Place the rolls on a baking sheet and brush with plenty of oil. Sprinkle both sides with chili powder and salt.
Grill covered on low heat, turning once until tender, once pierced with a fork, about 15 minutes. Serve hot.
BISTET AGERN SQUASH, TWO WAYS
Baking squash whole for a short period of time will soften it a bit, making it easier to cut in half.
Preparation: 10 minutes
Preparation: 1 1/4 hours
Serves 2 servings
For the squash:
- 1 large acorn squash
- Expulsion rapeseed oil, safflower or sunflower oil
- Coarse (kosher) salt
- 3 tablespoons caper-raisin relish (see recipe below) OR 2 tablespoons butter and 1 tablespoon sriracha
- Chopped fresh herbs, such as chives, basil or coriander
Preheat the oven to 375 degrees. Pierce 1 large acorn squash in several places with the tip of a sharp knife. Place in a baking dish. Bake until squash begins to soften, about 20 minutes, then remove from oven.
Carefully cut the squash in half and scrape out the seeds. Brush the cut side with oil. Sprinkle it all with salt. Return to the baking tin with the cut side up. Bake until the meat is tender, when pierced with a fork, 40-50 minutes.
Pour some of the caper-raisin relish into each squash cavity. Or put half of the butter and sriracha in each cavity. Return to the oven to heat through, about 10 minutes.
Serve hot or hot topped with herbs.
This almost addictive sweet and sour caper raisin relish complements pretty much everything from simple steamed squash to grilled poultry. Try it over pasta tossed with grated Romano cheese for a dish with a bold flavor. Omit the anchovies if they are not your thing, but replace them with some dried mushroom powder or a splash of soy sauce for an umami punch.
- 1/4 cup dark raisins
- 2 tablespoons very hot water
- 2 tablespoons drained capers
- 1 tablespoon balsamic vinegar
- 1 tablespoon fresh lemon juice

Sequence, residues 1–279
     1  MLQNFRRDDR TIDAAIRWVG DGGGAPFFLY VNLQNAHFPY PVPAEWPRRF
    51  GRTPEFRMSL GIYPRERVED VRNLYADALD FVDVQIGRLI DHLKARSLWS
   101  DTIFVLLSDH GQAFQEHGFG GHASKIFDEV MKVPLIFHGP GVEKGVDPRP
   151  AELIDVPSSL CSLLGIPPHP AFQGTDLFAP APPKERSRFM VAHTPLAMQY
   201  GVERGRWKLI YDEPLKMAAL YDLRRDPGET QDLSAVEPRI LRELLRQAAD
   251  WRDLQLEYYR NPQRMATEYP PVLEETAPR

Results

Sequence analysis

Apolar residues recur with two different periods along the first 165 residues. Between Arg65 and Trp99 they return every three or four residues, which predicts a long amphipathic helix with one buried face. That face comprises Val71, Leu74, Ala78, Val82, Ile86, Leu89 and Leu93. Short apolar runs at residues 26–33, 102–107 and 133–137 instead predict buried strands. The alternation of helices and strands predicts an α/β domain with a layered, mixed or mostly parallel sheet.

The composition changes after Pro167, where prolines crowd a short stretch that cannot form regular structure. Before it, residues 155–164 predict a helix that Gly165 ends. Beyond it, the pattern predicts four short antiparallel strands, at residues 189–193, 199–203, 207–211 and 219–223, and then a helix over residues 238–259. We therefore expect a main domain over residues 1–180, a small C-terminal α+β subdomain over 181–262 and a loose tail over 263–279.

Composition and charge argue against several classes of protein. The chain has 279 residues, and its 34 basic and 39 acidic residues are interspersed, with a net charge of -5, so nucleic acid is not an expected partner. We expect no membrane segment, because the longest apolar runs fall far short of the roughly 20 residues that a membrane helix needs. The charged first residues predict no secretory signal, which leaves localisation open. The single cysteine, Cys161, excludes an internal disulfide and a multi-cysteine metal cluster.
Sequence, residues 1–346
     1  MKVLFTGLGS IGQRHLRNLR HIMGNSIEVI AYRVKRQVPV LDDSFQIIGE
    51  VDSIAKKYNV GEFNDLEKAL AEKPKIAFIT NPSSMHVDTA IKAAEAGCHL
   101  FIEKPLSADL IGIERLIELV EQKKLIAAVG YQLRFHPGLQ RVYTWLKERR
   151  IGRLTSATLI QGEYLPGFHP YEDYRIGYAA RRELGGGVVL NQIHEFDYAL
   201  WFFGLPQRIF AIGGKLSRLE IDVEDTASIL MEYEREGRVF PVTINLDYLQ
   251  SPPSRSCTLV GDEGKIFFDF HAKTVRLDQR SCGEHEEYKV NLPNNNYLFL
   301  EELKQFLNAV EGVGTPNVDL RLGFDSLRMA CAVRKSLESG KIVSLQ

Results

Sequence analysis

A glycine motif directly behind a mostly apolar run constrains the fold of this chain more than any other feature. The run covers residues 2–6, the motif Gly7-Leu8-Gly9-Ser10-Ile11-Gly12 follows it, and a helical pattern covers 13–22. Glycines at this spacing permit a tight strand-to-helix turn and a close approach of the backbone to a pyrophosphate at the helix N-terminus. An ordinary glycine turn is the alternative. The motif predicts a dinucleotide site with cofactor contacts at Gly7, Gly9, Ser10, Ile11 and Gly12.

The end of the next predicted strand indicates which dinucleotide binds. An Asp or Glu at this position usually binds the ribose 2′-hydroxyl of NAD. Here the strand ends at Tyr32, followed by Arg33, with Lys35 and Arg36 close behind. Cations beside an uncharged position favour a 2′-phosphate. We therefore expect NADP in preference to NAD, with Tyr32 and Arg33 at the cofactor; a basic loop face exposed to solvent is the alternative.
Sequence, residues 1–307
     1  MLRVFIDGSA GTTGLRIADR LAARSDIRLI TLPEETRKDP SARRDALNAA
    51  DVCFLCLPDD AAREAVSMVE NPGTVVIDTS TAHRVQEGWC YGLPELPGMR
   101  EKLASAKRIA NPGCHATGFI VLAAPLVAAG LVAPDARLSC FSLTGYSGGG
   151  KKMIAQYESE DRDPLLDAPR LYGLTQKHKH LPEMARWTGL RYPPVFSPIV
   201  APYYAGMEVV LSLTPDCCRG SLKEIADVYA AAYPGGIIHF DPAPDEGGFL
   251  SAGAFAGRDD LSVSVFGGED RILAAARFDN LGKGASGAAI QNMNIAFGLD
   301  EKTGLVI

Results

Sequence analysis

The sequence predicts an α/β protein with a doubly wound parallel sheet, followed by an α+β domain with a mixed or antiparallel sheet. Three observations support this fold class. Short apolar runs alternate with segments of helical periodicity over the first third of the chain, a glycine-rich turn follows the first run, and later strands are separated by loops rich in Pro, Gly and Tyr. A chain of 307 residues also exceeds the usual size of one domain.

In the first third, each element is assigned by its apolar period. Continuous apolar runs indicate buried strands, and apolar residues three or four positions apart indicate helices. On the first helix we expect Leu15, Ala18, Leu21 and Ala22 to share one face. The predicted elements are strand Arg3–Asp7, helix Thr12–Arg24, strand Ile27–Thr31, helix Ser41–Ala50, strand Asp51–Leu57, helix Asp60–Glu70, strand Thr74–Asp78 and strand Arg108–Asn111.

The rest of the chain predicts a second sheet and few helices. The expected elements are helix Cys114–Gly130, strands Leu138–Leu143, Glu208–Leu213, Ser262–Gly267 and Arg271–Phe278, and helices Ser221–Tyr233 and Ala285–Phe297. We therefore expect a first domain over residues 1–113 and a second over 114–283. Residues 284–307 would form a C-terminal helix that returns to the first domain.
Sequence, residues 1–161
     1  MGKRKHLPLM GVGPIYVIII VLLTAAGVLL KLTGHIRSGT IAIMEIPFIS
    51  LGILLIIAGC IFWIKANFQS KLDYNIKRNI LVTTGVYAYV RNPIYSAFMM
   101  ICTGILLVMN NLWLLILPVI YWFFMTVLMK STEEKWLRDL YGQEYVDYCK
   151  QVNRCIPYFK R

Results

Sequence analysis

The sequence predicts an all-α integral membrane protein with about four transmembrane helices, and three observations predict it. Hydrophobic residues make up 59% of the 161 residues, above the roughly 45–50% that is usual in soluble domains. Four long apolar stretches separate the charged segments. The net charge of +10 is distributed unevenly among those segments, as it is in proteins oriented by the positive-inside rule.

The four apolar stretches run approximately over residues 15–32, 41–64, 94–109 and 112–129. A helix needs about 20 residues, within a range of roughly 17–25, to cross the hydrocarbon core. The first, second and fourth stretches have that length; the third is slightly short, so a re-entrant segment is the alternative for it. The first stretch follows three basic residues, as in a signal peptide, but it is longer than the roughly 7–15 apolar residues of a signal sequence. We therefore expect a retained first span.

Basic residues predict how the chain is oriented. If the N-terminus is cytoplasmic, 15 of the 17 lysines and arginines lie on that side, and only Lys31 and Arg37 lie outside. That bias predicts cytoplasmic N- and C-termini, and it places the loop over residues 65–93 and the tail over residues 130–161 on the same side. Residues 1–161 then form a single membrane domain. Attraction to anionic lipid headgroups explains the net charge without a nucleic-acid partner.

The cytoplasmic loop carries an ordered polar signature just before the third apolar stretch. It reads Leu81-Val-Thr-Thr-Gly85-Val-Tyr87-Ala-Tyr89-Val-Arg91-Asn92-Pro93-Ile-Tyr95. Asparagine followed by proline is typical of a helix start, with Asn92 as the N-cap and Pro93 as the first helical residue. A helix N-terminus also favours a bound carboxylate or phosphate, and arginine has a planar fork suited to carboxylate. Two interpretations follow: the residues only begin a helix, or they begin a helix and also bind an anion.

- 1 tablespoon extra virgin olive oil
- 1 clove crushed garlic
- 1 1/2 teaspoons finely chopped anchovy fillet or 1/2 teaspoon mushroom powder
- 1/4 teaspoon crushed red pepper flakes
- 1/4 teaspoon salt
- 1/4 teaspoon black pepper
Put 1/4 cup dark raisins in a small bowl. Add 2 tablespoons of very hot water and let stand for 5 minutes. Pour the water from the raisins.
Stir in 2 tablespoons drained capers, 1 tablespoon each: balsamic vinegar, fresh lemon juice and extra virgin olive oil. Stir in 1 clove crushed garlic, 1 1/2 teaspoons finely chopped anchovy fillet (or substitute 1/2 teaspoon mushroom powder), 1/4 teaspoon crushed red pepper flakes, 1/4 teaspoon salt and black pepper.
Can be made up to 3 days in advance and stored covered in the refrigerator. Just before serving, stir in 1 or 2 tablespoons chopped fresh basil. Make about 2/3 cup.
KABOCHA HASH WITH MINTED RICOTTA AND CAPERROOSIN
Preparation: 30 minutes
Cook: 20 minutes
Provides 2 main courses or 4 servings of side dishes
- Capers raisin relish, see recipe above
- 1/2 cup ricotta cheese
- 1 tablespoon chopped fresh mint leaves
- 1/2 teaspoon salt
- 1/4 teaspoon coarsely ground black pepper
- 4 cups (16-20 ounces) peeled kabocha squash in cubes (approx. ¾-inch piece size)
- 1/3 cup water
- 1 1/2 tablespoons coconut oil or expelled rapeseed oil or thistle oil
- 1 medium red or sweet onion, peeled, halved, cut into 1/4-inch cubes
- 1 small poblano or red pepper, cut out, cut 1/3-inch into cubes
- 1 small jalapeno, halved, seeded, finely chopped
Make caper raisin relish.
Mix 1/2 cup ricotta, 1 tablespoon chopped mint leaves, 1/2 teaspoon salt and 1/4 teaspoon pepper in a small bowl. Leave at room temperature for up to 30 minutes or refrigerate for up to 24 hours.
Put 4 cups of kabocha squash cubes in a microwave-safe bowl and add 1/3 cup of water. Cover with microwave-safe plastic wrap, vented in one corner. Microwave on high (100% power), stir once or twice until almost tender, approx. 5 minutes. Let stand for 5 minutes. Drain.